Hospital Stories (7)

A few years ago I worked at a hospital as a constant observer.  It was a transitional job as I tried to figure out the next step of my life. What exactly is a constant observer?  one might reasonably ask.  A constant observer is basically a nurse’s aide who stays in one room to be with patients who might be a harm to themselves or others. Hospitals try very hard not to tie people down on their beds anymore.  There are a lot of reasons I might be assigned to a patient: dementia, adverse reaction to medication, brain injury, detoxing, or suicide watch, to name some.  I saw people at their most vulnerable state.  This is the seventh in a series of vignettes on my experiences in the hospital.  I did this one a little differently in honor of Native American Day.

Despite only having one leg, he had ripped down a television from the wall the day before.  He was a Native American, older, maybe in his 60s or 70s, and he had had his leg amputated.  Many of the patients on the Renal floor are diabetic and have dialysis once or twice a day if they have chronic renal failure (damaged kidneys).  Some patients have to have feet or legs amputated because of a combination of numbness/insensitivity and vascular damage which can lead to skin ulcers and infection and ultimately necrosis and gangrene.  They had replaced the TV in his room but wanted someone in the room with him now—just in case, I guess.  In the morning he needed to be bathed, but couldn’t take a shower with his sutures and bandages, so that meant a towel bath.  The nurse helped me wash him for which I was grateful.  His scrotum was extremely swollen—he was in a lot of pain as she washed his genitals.  It was probable that he hadn’t been washed properly before, but she insisted that he allow her to clean him thoroughly.  I doubt I could have done it by myself.  I washed other men in my job, but it was generally rather quick and they were cooperative.  This man intimidated me.  He rarely spoke.  When he did it was usually in a quiet voice.  Except later when I followed him to occupational therapy and he pointed his finger at me and nearly yelled, “Quit following me!”  I tried to explain why I was with him but he repeated “Go.”  The therapist told me to go ahead and take a break.  After the break he was okay with my presence in his room.  He spent most of his time looking out the window in silence.


She wanted to be released immediately.  I think the woman, a Native American, was given a room in critical care because she had been difficult on a regular floor.  There they could keep a closer eye on her.  And I was there at all times for the rest of the night.  She was so angry that they wouldn’t let her leave the hospital.  She was tired of people sticking her for IVs.  So a nurse specialist put in a more permanent tube in the crook of her elbow.  It had to be completely sterile.  Early in the evening, she didn’t want me in the room when she peed in the commode, but after a while she stopped complaining.  I assured her that I wouldn’t look.  I’m not sure if that made any difference or if she simply resigned herself to my presence.  Sometimes I ignored her when she tried to get a rise out of me.  Sometimes I couldn’t help responding with pointless objections and explanations.  She dozed during programs on Lifetime.  In the morning, when my shift was nearly over and I thought she had warmed up to me a bit, she started demanding to see the doctor.  He was making his rounds, but not fast enough for her.  She threw the TV remote at the wall, smashing it to bits.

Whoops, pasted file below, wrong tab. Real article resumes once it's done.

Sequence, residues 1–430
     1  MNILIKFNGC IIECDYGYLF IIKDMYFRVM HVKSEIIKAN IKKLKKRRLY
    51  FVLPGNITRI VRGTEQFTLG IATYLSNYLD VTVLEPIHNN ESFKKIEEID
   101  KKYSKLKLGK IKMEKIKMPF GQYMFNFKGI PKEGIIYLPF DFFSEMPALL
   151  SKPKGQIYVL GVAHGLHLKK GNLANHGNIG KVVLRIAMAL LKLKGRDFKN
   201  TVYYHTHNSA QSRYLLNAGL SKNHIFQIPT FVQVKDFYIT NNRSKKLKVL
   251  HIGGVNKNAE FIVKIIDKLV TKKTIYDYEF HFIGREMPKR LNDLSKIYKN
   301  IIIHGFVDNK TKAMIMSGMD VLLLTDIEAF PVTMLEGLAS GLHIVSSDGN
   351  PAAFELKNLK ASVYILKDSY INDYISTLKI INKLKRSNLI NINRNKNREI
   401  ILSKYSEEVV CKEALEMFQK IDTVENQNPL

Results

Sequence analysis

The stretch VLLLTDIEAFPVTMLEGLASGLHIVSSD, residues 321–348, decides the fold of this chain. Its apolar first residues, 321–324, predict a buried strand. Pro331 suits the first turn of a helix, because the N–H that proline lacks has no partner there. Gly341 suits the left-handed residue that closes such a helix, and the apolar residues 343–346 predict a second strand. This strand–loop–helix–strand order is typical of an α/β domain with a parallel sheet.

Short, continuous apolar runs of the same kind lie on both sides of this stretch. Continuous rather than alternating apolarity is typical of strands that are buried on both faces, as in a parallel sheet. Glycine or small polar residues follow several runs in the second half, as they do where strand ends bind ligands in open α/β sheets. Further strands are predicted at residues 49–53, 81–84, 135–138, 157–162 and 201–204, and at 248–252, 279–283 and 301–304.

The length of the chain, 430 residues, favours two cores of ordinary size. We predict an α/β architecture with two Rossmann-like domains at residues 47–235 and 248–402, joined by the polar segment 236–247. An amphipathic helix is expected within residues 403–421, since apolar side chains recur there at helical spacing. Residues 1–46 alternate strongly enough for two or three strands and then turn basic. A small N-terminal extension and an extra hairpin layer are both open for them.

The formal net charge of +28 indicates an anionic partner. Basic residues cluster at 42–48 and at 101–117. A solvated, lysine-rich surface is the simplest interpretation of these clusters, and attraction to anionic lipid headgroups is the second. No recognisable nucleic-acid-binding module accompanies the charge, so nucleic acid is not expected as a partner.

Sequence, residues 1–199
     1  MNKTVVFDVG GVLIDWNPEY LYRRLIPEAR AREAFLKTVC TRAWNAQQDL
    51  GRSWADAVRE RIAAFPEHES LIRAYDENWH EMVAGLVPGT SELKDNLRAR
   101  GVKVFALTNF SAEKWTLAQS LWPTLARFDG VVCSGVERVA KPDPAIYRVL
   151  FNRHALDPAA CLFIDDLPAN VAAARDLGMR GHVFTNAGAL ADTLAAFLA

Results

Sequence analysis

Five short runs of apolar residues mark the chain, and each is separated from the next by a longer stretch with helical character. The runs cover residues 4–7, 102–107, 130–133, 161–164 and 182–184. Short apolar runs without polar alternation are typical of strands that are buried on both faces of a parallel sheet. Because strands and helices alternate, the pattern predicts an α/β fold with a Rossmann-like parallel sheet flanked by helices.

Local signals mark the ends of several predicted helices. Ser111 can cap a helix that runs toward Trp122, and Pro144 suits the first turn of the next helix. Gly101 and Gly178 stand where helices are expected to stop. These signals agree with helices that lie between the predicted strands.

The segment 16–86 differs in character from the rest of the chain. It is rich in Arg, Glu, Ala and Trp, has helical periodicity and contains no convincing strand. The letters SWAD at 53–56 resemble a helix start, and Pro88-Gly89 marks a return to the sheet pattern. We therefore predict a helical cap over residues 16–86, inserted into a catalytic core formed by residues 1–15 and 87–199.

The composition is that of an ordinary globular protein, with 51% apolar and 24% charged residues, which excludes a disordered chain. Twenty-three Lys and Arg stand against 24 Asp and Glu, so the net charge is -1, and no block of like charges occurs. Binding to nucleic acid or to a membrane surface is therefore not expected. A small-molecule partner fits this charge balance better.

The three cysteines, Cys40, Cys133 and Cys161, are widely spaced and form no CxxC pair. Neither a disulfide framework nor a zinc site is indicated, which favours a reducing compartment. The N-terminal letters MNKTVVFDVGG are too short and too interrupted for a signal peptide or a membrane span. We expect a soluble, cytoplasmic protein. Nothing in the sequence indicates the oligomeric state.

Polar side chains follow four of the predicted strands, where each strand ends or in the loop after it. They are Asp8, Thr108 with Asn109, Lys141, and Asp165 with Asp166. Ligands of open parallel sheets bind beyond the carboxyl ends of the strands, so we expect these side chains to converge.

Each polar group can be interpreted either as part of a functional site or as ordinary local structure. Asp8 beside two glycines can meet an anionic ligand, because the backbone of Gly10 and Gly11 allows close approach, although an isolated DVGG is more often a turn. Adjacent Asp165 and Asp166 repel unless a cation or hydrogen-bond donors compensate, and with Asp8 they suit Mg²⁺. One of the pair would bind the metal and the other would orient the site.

Both of these patients had a moment of rage.  They were probably hours away from home—Sioux Falls has two major hospitals so patients from all over the state end up here.  What was at the root of their anger?  Something personal?  The weight of generations?  Their treatment at the hospital?  Their treatment every day?  I didn’t know, and couldn’t.  I felt bewildered and awkward.  The barriers between their lives and mine felt insurmountable.  They had no reason to trust me.

One of the things we learned in training was that we shouldn’t look Native American patients in the eye because it showed a lack of respect in their culture.  It was hard to fight against my own cultural norms.  Did I do anything to make their hospital stay worse?  Patients in the hospital are usually at low points in their lives—sick, injured, possibly dying.  Here they were in the hospital, surrounded by white walls and white people.

Before moving to South Dakota, I read Dee Brown’s Bury My Heart at Wounded Knee because I wanted to have an idea what had happened on the plains in the clash of cultures.  I wanted to know the damage that had been caused: the treaties made and broken, the massacres perpetrated in the name of destiny.  There are many things that white South Dakotans don’t do right regarding the Native Americans in their midst, but changing Columbus Day to Native American Day twenty five years ago is a notable exception.  It’s a nice recognition, but it’s only a start.